Millions miss a meal or two each day.
Help us change that! Click to donate today!
Numbers 12:1 . The Ethiopian woman; that is, the Cushite, the daughter of Jethro. Miriam and Aaron seem to have been offended because Moses had honourably received her as his wife. But Josephus affirms, that while Moses enjoyed the confidence of Pharaoh, he had carried his victorious arms into Ethiopia, and married a princess of that nation. There is however little probability that this was the woman. Some rabbins have contended, that this woman was called Tharba. If so, she must have lived in Egypt till the emancipation, and could not now be less than seventy years of age.
Numbers 12:3 . Now the man. Moses, obliged here to speak in his own praise, does it in the third person, as St. John, who says, “that disciple whom Jesus loved.”
Numbers 12:8 . With him will I speak mouth to mouth. See on Exodus 33:11; Exodus 33:23.
Life is a chequered scene, and deeply shaded with troubles and afflictions. Moses had just seen the murmurers burnt in Tuberah; and had scarcely buried those, who preferring Egypt to Canaan, lusted for flesh in Kibroth- hataavah, before Miriam bitterly disturbed his private and public repose. Previous to the arrival of Zipporah she had reigned as princess of her brother’s pavilion. Now she was relieved of her charge. What a pity that religious people, and especially public characters should not have grace to bear privations with resignation, and in particular, when no real injury is done to the party.
Mark the means which this woman adopted to obtain revenge. She endeavoured to degrade her brother as a man, in marrying with a Cushite; she endeavoured to degrade him as a prophet, by equalling other inspired persons to him; and what is worse, she engaged Aaron in her faction, and would have made no scruple to engage all Israel in the design to ruin her brother, and illustrious benefactor. A strange temper of mind for a woman in the hundredth year of her age: and a woman too, who had maintained a high religious character! Let this be instructive to families who may happen to have disputes. Let brothers and sisters, if they choose, contend for their rights; explain with independence of character; but let them never, in a moment of anger, injure and degrade one another before the public, nor expose one another’s secrets. Let them pray for grace so to conduct themselves with decency and temper, that when the subject of dispute is removed, they may be brothers and sisters still, and united by all their former good affections.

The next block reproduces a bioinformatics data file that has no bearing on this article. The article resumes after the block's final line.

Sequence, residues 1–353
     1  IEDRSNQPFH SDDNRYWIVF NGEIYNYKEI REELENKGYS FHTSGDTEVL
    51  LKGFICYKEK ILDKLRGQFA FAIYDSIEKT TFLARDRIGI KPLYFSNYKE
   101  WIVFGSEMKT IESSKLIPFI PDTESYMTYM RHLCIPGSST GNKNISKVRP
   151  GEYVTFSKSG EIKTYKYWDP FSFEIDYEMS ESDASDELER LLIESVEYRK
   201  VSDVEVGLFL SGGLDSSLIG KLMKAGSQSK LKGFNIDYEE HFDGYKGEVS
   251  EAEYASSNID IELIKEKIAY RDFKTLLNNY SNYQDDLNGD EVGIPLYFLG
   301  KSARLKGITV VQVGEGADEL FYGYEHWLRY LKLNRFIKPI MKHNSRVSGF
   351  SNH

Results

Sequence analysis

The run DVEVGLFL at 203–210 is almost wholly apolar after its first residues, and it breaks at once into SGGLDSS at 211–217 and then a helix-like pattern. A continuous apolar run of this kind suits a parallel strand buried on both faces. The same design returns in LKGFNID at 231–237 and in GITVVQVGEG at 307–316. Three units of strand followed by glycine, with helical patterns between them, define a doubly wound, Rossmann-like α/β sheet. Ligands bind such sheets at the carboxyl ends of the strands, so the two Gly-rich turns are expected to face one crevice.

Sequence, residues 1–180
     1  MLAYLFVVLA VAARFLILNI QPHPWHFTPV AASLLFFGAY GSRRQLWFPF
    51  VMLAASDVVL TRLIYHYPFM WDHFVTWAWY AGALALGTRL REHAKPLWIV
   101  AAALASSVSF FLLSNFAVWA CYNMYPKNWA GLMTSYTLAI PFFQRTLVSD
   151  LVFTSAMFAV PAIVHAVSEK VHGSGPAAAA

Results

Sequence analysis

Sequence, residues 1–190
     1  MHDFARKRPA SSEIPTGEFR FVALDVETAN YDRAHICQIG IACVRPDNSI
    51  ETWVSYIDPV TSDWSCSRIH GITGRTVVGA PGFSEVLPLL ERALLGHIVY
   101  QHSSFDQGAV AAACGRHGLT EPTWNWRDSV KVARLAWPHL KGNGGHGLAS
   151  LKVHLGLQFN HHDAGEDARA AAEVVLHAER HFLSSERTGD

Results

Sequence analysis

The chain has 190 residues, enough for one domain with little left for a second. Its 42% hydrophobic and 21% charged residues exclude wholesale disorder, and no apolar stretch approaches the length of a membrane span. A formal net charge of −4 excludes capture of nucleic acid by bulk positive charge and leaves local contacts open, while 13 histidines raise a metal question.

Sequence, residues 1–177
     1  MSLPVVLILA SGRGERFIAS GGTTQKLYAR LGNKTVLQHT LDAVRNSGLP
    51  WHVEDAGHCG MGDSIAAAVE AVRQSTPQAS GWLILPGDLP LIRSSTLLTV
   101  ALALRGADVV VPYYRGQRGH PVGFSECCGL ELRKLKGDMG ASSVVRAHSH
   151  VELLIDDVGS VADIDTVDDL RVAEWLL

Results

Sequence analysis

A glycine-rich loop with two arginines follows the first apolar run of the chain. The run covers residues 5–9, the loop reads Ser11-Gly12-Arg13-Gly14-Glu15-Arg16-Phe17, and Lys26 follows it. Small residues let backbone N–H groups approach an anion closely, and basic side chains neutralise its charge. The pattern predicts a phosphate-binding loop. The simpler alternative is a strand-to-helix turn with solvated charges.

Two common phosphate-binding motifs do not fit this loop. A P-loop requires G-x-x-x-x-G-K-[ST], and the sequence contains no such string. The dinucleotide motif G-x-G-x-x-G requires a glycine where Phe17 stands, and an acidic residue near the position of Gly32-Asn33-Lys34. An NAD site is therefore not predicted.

Moses was a meek man; he took no malignant notice of his sister’s conduct, nor did her the slightest harm; but wholly left his cause with God. Some warm men, when slandered, make their opponents pay dear for it on the ground of retaliation. But others, like Moses, suffer their opponents to wear off their tinsel till the base alloy appears, and till their own tarnished worth recovers its lustre by the polish. The latter do honour to religion, and carry christian virtues to the highest perfection.
Good and quiet men, labouring under calumny and reproach, need not be solicitous about the issue, for God will undertake their defence. He here summoned the parties to the door of the tabernacle, the usual place of judgment in higher cases. Miriam had degraded her brother as an offender; and God acquits him of blame, or rather applauds his conduct; for he returned to Jethro’s family nothing but kindness for kindness. She had levelled him with the lowest of prophets, and God exalted him above them all, not only in regard to the frequency of his revelations, but in regard to the superior manner in which they were conveyed. And before he dismissed her from his bar, he smote her with leprosy, and expelled her from the camp, to convince her of the leprosy of envy she had suffered to corrode her heart. Surely the slandering tongue will tremble at the sentence which awaits it from the God of truth. Happy if the sinner shall find in the offended, a Moses to pray that God would forgive and heal the sinner.
The whole camp of Israel stopped and waited while Miriam was shut out. Yes, and so it is still. Envy, jealous feuds and quarrels, obstruct our progress to the better Canaan: and what is worse, they sometimes turn the weak entirely out of the way. Let us in honour prefer one another. Let us live in peace and love; and the God of peace and love will be with us.
These files are public domain.
Text Courtesy of BibleSupport.com. Used by Permission.
Sutcliffe, Joseph. "Commentary on Numbers 12". Sutcliffe's Commentary on the Old and New Testaments. https://www.studylight.org/
the Week of Proper 9 / Ordinary 14